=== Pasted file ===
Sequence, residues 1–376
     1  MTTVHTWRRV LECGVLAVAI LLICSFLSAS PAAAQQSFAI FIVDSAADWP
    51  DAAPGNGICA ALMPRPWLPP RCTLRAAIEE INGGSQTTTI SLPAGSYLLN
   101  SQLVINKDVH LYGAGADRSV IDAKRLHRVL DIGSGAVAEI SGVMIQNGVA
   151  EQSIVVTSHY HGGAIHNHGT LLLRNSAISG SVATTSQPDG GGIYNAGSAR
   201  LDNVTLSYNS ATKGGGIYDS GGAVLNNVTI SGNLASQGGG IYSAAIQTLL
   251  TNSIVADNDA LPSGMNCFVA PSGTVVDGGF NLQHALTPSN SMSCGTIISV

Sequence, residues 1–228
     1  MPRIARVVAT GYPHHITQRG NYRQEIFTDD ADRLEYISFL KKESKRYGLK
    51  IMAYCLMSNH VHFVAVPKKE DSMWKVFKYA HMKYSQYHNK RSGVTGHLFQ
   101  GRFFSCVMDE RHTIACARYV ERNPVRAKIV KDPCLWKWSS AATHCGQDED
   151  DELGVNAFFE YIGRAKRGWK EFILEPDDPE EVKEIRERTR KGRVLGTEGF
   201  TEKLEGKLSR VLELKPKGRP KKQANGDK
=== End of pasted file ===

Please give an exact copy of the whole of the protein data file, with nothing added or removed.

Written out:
Sequence, residues 1–376
     1  MTTVHTWRRV LECGVLAVAI LLICSFLSAS PAAAQQSFAI FIVDSAADWP
    51  DAAPGNGICA ALMPRPWLPP RCTLRAAIEE INGGSQTTTI SLPAGSYLLN
   101  SQLVINKDVH LYGAGADRSV IDAKRLHRVL DIGSGAVAEI SGVMIQNGVA
   151  EQSIVVTSHY HGGAIHNHGT LLLRNSAISG SVATTSQPDG GGIYNAGSAR
   201  LDNVTLSYNS ATKGGGIYDS GGAVLNNVTI SGNLASQGGG IYSAAIQTLL
   251  TNSIVADNDA LPSGMNCFVA PSGTVVDGGF NLQHALTPSN SMSCGTIISV

Sequence, residues 1–228
     1  MPRIARVVAT GYPHHITQRG NYRQEIFTDD ADRLEYISFL KKESKRYGLK
    51  IMAYCLMSNH VHFVAVPKKE DSMWKVFKYA HMKYSQYHNK RSGVTGHLFQ
   101  GRFFSCVMDE RHTIACARYV ERNPVRAKIV KDPCLWKWSS AATHCGQDED
   151  DELGVNAFFE YIGRAKRGWK EFILEPDDPE EVKEIRERTR KGRVLGTEGF
   201  TEKLEGKLSR VLELKPKGRP KKQANGDK